A diseased tree presents a risk to the health to other trees in your lawn, your home, and anybody who enters your front yard. A tree in this condition may be less expensive to take down since it is easier to do so, but it may be more expensive if it is in a harmful location and could cause damage if it falls. To acquire a price in this case, schedule an examination with a tree removal service.

A fallen tree, on the other hand, is significantly less expensive to cut and take away than a living tree, assuming it hasn’t caused an emergency. Because a tree stump lying on the ground is considerably safer for a tree removal company to deal with, you’ll only have to spend around $100 and $300 to have it removed from your property.

 

Emergency Tree Removal

If a tree falls on your property or vehicle unexpectedly, or if it leans dangerously, you must remove it before it causes further harm. There will be a significant price difference between a tree removal that is scheduled a few weeks or days in advance and a tree removal that is required immediately.

You’ll have to spend more for immediate service, just like any other rush work. The job is also dangerous because the experts must be extremely cautious not to cause further damage. Tree removal costs vary greatly depending on the situation and the contractor, but they can easily exceed $5,000.

Furthermore, while contractors should never overcharge for services, you may see an increase in tree removal charges during a natural disaster, as many individuals in your region will likely want emergency tree removal.

However, before paying for this service out of pocket, check with your insurance carrier to see if your homeowner’s insurance policy would cover some or all of the expense of removing a fallen tree on your land.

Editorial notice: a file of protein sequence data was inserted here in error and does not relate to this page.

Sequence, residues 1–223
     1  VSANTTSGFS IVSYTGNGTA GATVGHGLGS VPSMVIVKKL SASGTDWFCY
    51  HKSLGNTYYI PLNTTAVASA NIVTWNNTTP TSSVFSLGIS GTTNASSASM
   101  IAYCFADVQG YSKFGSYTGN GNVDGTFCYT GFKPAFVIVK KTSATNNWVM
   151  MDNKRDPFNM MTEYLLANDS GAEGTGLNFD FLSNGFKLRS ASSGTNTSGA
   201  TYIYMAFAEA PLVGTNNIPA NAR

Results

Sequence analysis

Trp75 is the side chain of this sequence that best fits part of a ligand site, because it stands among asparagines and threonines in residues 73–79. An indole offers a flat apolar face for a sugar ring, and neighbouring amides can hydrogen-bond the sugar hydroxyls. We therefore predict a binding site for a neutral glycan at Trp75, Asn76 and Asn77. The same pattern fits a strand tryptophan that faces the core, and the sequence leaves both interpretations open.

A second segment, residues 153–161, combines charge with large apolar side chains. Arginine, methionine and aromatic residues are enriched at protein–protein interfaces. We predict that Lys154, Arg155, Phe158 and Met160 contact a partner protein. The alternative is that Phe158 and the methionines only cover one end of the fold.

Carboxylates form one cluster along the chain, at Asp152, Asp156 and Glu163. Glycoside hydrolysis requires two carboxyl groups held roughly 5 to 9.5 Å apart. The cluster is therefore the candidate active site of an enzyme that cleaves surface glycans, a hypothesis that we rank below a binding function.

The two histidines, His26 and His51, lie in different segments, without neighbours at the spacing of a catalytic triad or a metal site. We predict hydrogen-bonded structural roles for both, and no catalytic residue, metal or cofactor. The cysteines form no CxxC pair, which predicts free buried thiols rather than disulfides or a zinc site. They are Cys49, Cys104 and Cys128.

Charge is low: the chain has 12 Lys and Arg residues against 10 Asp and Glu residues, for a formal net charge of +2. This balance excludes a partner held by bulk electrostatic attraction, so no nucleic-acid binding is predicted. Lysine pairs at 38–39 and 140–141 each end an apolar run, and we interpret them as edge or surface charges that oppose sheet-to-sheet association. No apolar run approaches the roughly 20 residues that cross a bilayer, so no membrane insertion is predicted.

Tree Removal Truck

Multiple Trees

You may also be able to pay per acre if you reside in a wooded region and wish to clear numerous trees. A moderately wooded region may cost between $500 and $2,500 per acre, whereas a densely wooded area could cost between $3,000 and $6,000 per acre.

 

Other Cost Factors

Of course, the price of tree removal isn’t just determined by the tree. Other challenging aspects could drive up the cost.

If you live in a rural area, for example, you may be charged a trip extra since the contractor will need to transport heavy equipment out to your place. Furthermore, persons who live in areas with a higher cost of living would most likely pay more for tree removal services.

Furthermore, everything that makes tree removal more difficult will raise the cost. Sloped lawns, rough or muddy soil, an angled trunk, and weak limbs are all examples of this.

If accessing or toppling the tree is dangerous—for example, if the tree is close to power lines or your home or other structures—you may be charged an additional 50% for tree removal.

Special equipment, such as cranes, must be deployed in these situations to prevent the falling tree from colliding with nearby structures. Expect to pay at least $500 more for tree removal operations that necessitate the use of a crane.

Lastly, in many regions, removing a tree taller than 10 feet necessitates obtaining a permit. While obtaining a permit is reasonably inexpensive—between $60 and $150—failing to do so before starting construction could result in a larger fine later on.

 

Additional Tree Services

Most homeowners, with the exception of urgent tree removal, want to remove trees as part of the broader landscaping plan. In this scenario, you might aim to explore some of the additional services offered by tree removal firms.

Instead of splitting a project into individual jobs, you may save money by hiring a business to complete it all at once.

 

Debris Removal